Research in the Surgery Unit follows the themes below and includes the listed projects:
Research into the pathogenesis and treatment of necrotizing enterocolitis (NEC)
We are investigating the pathogenesis of this devastating disease of newborns thereby trying to understand what leads to intestinal necrosis with the aim of developing new therapies. One potential therapy that we are now testing on patients is controlled moderate hypothermia.
Surgical treatment for NEC varies widely between different centres and there is little consensus on the optimal surgical procedure. We have recently highlighted these differences in a survey of consultant surgeons, and are now undertaking an international multi-centre randomised controlled trial to compare one form of treatment, peritoneal drainage, with the more usual open surgery. More details can be found at www.nettrial.net.
Talking to different surgeons around there world during this trial, we have noticed apparent marked differences in incidence and pattern of referral, and are currently designing an epidemiological study to examine these differences in more detail.
Laparoscopic, or keyhole, surgery has only in the last few years become popular in paediatric surgery. For several operations, we do not currently know whether the theoretical benefits of laparoscopy in children translate into actual benefits.
We have undertaken a randomised controlled trial comparing the laparoscopic operation with the more traditional open operation for fundoplication, an operation to prevent gastro-oesophageal reflux, which is a commonly performed procedure in children.
Initial results suggested that although children operated by each procedure needed a similar amount of time before they were fully fed and were able to leave hospital, stomach function was better in children operated laparoscopically. We are therefore about to compare the long-term effectiveness of these operations in children, and also looking at stomach function in more detail.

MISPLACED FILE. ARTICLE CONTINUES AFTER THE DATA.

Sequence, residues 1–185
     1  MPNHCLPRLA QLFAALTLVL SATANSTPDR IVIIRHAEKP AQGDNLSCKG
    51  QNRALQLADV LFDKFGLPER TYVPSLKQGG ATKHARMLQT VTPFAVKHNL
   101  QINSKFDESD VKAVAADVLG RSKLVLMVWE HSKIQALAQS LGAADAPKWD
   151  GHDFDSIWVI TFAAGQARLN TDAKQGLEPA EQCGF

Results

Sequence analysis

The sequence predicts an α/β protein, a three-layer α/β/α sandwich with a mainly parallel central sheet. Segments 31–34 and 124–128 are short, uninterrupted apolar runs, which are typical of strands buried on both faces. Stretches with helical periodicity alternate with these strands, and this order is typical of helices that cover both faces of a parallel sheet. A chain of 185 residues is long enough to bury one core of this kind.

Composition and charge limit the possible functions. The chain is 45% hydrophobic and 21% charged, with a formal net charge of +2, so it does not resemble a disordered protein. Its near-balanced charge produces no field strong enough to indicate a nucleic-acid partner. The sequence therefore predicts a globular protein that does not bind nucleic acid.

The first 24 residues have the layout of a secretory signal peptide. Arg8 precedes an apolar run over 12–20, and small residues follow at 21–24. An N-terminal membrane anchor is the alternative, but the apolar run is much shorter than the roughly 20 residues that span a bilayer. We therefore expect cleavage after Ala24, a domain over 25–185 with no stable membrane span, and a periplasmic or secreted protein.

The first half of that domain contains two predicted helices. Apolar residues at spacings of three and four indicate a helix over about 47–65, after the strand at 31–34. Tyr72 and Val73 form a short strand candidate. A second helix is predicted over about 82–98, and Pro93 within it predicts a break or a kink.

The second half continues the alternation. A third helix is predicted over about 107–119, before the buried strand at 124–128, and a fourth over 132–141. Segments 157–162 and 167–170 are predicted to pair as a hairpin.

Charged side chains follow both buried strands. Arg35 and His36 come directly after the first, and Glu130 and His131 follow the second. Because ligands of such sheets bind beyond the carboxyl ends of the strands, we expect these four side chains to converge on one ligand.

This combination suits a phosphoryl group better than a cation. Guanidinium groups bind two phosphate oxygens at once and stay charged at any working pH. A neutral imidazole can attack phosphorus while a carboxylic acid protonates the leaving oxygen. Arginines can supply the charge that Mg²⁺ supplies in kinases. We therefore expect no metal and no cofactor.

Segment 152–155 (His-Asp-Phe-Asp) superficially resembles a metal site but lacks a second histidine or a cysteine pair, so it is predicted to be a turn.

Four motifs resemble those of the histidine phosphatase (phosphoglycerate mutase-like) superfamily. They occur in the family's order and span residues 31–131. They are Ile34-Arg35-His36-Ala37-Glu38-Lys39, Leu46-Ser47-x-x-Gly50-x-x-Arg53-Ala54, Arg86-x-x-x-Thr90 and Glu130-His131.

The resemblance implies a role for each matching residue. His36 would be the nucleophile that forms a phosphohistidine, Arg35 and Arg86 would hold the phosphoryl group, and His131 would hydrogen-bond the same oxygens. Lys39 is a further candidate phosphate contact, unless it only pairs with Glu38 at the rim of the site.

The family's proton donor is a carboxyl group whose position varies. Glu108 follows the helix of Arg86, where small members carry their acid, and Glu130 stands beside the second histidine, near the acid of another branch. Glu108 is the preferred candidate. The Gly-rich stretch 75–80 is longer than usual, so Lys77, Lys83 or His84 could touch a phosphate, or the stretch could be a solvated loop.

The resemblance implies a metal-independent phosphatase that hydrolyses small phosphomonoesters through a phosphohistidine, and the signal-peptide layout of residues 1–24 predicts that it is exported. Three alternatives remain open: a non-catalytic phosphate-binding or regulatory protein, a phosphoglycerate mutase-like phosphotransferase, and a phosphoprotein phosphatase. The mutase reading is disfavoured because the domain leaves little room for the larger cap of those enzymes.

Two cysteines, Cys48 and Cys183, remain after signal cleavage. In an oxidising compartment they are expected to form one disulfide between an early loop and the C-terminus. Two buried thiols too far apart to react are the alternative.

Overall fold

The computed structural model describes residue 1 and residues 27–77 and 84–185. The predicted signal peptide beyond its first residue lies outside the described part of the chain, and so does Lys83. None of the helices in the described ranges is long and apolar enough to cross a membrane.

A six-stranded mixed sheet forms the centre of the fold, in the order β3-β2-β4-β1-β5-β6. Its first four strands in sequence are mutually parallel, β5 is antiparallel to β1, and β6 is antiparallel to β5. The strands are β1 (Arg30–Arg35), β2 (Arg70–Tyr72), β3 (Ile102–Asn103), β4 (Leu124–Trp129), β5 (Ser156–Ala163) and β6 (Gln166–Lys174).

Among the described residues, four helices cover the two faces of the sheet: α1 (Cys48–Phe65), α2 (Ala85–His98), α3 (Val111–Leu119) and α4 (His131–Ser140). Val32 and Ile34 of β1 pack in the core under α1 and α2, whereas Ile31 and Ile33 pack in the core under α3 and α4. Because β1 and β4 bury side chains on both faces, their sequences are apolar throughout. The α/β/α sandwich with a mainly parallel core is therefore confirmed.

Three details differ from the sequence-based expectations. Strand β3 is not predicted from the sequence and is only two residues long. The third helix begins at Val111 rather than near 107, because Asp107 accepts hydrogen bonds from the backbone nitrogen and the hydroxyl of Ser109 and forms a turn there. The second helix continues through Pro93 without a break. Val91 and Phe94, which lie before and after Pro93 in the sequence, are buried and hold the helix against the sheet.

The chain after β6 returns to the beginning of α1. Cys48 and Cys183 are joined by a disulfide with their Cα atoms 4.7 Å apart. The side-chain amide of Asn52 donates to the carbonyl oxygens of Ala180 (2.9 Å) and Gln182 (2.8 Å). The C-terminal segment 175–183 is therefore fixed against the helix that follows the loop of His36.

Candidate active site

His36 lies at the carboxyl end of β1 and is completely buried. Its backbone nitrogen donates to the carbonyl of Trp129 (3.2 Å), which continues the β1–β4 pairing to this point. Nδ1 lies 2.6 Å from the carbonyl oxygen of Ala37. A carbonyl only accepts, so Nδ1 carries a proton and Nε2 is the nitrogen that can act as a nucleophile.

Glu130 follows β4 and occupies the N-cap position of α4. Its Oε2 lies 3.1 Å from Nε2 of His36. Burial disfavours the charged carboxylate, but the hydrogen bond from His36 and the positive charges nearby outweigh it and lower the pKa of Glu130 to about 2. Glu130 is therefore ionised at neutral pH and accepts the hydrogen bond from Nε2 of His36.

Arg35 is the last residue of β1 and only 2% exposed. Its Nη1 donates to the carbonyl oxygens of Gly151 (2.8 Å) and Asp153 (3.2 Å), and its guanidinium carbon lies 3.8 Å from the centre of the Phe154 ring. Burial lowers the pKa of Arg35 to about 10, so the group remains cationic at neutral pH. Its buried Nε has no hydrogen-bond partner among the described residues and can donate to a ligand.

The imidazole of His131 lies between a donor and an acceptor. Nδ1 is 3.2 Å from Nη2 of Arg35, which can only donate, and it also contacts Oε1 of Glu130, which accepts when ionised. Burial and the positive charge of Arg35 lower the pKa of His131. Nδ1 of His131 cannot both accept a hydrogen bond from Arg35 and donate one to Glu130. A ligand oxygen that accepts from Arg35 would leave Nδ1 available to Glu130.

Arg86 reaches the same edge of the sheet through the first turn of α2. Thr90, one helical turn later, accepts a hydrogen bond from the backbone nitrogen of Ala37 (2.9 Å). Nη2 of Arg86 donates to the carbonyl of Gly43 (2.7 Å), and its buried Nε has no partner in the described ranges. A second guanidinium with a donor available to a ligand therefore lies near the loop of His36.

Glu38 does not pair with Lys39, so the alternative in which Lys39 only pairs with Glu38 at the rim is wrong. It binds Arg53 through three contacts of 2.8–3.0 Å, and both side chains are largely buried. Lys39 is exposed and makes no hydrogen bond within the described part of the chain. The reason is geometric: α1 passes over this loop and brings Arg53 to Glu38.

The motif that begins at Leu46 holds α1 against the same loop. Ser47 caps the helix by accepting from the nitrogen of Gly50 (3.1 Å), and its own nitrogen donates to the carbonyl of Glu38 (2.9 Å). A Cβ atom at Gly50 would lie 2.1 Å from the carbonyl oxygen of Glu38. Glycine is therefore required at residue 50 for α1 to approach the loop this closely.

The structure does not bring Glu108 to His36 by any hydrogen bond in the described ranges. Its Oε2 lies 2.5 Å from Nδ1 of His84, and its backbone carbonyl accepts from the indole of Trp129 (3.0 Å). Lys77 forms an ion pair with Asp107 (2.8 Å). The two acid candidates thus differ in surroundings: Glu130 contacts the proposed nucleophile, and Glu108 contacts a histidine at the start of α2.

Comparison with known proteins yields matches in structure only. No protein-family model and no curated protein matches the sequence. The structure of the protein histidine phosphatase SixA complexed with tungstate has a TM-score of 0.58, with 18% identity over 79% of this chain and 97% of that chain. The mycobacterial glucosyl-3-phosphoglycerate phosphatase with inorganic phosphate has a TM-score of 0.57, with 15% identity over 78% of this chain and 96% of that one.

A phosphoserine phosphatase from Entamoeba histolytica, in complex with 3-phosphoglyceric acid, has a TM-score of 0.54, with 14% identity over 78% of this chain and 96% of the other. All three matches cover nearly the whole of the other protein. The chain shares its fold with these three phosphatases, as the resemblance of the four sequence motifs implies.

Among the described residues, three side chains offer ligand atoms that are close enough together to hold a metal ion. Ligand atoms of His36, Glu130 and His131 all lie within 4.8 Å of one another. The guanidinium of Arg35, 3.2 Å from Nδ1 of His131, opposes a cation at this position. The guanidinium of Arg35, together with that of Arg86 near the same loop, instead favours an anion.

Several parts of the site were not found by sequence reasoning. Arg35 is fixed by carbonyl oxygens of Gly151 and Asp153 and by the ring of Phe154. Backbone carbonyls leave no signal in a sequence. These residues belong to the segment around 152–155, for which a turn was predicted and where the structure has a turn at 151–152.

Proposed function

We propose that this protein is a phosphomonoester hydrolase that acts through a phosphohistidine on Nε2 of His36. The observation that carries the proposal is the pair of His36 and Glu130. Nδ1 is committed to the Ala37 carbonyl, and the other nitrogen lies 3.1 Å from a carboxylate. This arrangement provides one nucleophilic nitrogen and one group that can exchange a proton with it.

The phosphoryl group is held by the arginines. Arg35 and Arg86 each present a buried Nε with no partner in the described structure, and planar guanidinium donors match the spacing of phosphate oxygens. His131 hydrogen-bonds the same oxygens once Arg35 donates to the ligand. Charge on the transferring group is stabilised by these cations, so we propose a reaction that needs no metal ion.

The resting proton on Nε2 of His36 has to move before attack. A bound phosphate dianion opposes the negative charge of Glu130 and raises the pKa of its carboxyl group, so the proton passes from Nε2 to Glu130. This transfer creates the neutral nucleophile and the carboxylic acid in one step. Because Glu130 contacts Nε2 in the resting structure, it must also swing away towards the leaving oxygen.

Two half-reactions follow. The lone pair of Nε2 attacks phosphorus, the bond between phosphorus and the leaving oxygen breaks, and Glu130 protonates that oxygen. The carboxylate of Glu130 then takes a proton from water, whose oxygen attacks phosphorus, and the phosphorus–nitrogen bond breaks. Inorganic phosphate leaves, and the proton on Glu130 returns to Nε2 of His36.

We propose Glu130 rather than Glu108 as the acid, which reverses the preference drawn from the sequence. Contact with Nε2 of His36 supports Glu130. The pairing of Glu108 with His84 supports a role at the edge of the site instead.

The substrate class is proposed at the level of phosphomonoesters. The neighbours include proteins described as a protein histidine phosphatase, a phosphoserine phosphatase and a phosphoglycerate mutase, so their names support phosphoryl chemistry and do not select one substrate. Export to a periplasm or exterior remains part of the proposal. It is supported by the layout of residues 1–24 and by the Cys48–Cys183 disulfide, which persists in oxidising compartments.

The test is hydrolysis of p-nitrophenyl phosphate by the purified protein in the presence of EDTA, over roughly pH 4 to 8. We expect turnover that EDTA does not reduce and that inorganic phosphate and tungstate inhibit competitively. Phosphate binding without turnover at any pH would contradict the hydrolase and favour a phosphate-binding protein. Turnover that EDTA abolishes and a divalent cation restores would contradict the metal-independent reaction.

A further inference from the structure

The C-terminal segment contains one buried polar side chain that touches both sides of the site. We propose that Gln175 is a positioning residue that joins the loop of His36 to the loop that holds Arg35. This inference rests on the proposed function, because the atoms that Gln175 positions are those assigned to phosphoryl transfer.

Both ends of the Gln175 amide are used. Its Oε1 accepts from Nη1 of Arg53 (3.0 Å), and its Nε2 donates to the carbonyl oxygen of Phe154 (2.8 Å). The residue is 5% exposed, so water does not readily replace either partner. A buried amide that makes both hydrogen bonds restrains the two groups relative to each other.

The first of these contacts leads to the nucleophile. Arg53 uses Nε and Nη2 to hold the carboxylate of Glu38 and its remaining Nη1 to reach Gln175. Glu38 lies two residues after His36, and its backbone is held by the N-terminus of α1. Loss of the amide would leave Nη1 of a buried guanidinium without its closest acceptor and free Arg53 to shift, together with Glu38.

We are also currently comparing laparoscopic with open operation for two other types of operation performed in newborn infants: pyloromyotomy, and hernia repair. Both of these studies are international randomised controlled trials.
During laparoscopy, the abdomen of the patient is inflated with carbon dioxide to allow the surgeon enough room to work inside. However, some of this carbon dioxide can be absorbed and so we have developed a novel method to measure the amount of carbon dioxide absorbed during an operation.
Nutrition of surgical infants and prevention of infections
Infants and children that need surgery frequently need intravenous nutrition and are at great risk from getting severe infections (sepsis), both by accidentally introducing bacteria with the intravenous feed, and because of the operation itself.
We are interested in improving the nutrition of surgical infants and children to prevent this. One of the ways which we are trying to do this is using the amino acid glutamine, which is an important building block of protein in the body.
As well as being an important constituent of body protein, glutamine is also a good fuel for cells of the gut and the immune system so we think it is of benefit in fighting infections. As well as this, glutamine is also useful for making one the body's anti-oxidants, glutathione.
We have several different projects looking at glutamine supplementation. In one of these, glutamine is being given around the time of surgery to see of it can help immune function and prevent infections. In another, it is being given to infants and children who already have infections to see if it can boost their immune system, their liver function and help them make more glutathione.